Wednesday, June 16, 2010

Laurel's Kitchen:: Falafel and "Arab Bread"

I was at my friend Laurie's house last night for "crochitting" party (crochet and knitting) and it was so fun!  Laurie reads this blog sometimes, so if she gives permission, I'll share some awesome photos I got to take of her art studio and some bits around her beautiful home.  Oh, and the food!  Holy cow.  The food. 

Well, in fact, the reason I bring up Laurie just now (besides hoping she'll be moved to grant us permission!) is because she is one of the people who recommended Laurel's Kitchen to me in the first place.  She was showing me a second LK book, called The Bread Book and it also looks fantastic.   I have just a wee bit left on my gift card, so I'll be looking for a second hand version, once again.

Last weekend I made the falafel.  I used to get falafel at a deli near my work in the Financial District of SF (back in the day! :) and it was a round ball and it was from the parsley, perhaps, plus it was a bit of a crunchy, fried-like kind of texture?  When you ordered it, they'd heat it, mush the ball into a patty-shape, and pop it into a pita with some shredded veggies and either yogurt or humus... pick your poison.

For all I know, I may have done something so wrong here, but they tasted fantastic anyway.  Falafel is pureed garbanzo beans, held together with some potato and lots of parsley...the flavor comes from garlic and lemon, plus some spicy-spices, and there's nothing wrong with that, not at all!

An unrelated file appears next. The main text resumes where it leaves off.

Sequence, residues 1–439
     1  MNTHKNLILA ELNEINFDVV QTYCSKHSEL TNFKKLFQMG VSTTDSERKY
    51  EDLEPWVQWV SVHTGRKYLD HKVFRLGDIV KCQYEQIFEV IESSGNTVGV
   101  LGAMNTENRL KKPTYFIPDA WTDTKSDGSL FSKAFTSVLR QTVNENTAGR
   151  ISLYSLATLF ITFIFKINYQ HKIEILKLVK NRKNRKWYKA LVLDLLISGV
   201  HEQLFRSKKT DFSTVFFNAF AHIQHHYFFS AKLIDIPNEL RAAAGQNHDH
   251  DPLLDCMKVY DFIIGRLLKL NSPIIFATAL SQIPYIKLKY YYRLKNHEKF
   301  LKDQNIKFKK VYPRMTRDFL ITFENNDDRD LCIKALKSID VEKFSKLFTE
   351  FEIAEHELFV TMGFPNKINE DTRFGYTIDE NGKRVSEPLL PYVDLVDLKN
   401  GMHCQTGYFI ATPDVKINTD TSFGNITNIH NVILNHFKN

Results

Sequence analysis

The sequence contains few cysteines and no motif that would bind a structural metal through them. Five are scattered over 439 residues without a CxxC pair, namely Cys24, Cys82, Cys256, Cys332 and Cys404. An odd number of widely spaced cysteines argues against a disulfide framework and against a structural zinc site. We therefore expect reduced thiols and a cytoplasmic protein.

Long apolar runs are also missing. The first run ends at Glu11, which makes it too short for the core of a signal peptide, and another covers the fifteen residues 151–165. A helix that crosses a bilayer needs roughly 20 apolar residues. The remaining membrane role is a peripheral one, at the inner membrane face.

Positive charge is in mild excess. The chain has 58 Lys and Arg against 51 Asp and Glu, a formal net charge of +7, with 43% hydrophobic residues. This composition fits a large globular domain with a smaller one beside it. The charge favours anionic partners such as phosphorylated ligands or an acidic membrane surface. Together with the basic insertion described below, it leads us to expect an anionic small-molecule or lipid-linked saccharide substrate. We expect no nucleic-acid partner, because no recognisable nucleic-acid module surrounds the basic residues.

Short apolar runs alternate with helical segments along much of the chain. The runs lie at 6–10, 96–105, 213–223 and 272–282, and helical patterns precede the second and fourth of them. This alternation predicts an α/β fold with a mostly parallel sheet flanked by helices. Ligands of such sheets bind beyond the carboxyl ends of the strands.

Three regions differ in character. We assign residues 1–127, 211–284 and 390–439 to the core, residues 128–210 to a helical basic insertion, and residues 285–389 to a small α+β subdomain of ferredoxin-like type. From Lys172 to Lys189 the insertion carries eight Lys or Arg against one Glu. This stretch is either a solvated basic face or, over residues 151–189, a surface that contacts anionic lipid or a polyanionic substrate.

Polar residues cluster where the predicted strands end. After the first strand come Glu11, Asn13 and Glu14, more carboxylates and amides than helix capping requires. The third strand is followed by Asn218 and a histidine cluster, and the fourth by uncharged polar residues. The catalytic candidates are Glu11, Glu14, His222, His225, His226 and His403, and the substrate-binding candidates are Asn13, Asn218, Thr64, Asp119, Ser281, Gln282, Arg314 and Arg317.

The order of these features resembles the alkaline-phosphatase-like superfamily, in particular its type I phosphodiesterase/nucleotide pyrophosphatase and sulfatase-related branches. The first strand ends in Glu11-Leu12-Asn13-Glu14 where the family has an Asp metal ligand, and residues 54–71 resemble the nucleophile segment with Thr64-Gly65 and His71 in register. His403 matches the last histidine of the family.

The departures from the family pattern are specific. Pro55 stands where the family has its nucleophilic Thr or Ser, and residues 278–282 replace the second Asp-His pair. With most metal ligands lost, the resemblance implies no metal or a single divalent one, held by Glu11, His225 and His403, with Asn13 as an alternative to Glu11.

The pitas start off as pretty much the basic whole wheat bread dough.  I have to say...this batch of the whole wheat dough was by far my best attempt.  It was elastic and soft and moist-ish.  If you weren't around for the canneloni disaster, you may not be able to fully appreciate the beauty that is this dough. 

You cook them for five quick minutes, and they puff up.  Then you slice them open, fill them with vegetables (lettuce, cucumber, and tomato for us) and plop the falafel patty right in there.  This book was published in the early 70s, and I have to giggle at the "Arab Bread" moniker! 

Verdict:  We LOVE this!  It's tasty and oh-so-healthy.  I was telling Laurie yesterday, and I'll tell you today, that in the future I think I would just pick up whole wheat pitas at the store.  I don't mind some bread-work, but many of these puffed, and then got too hard; others puffed appropriately, but then deflated and were difficult (read: impossible) to slice.  In fact, just tonight I served Erik what I called a "flasammy", which involved two pitas with the falafel and veggies stacked between them, rather than couched inside one!  But I love having the falafel on hand (for lunches, snacks, and dinners, it's that good!) and it's so easy to make.  It will be a standby from now on.


  1. oh my! wonderful! i would have loved that!

  2. add some hummus and thaini, and hot sauce. heaven

  3. "Crochitting" Haha! I love that! Mia, off course you can post the photos. I'd love to see them. Your falafel looks just the way it does when I make it and, seeing your pictures, I think I need to make some soon. Mmmm. I'm so glad you were able to come over on Tuesday. It was great to spend time with you!

  4. This looks great - thanks for sharing it.

  5. Your pitas look wonderful! In my one and only attempt, they did not puff at all. And were ALL impossible to fill so we ate them like flat bread!

  6. Michelle ~ Do you have a recipe? I'll send you this one if you want it, Erik loved it too! I used some tahini. Yum. Yum-yum!

    Laurie ~ that's good to know about the falafel! I knew it tasted good, but you know, how could I go wrong with that ingredients list?

    Keith ~ Thanks.

    Gina ~ Oh, ha! Good to know it's not just me. You are my bread-making inspiration, so it's good to know I'm good company here. :)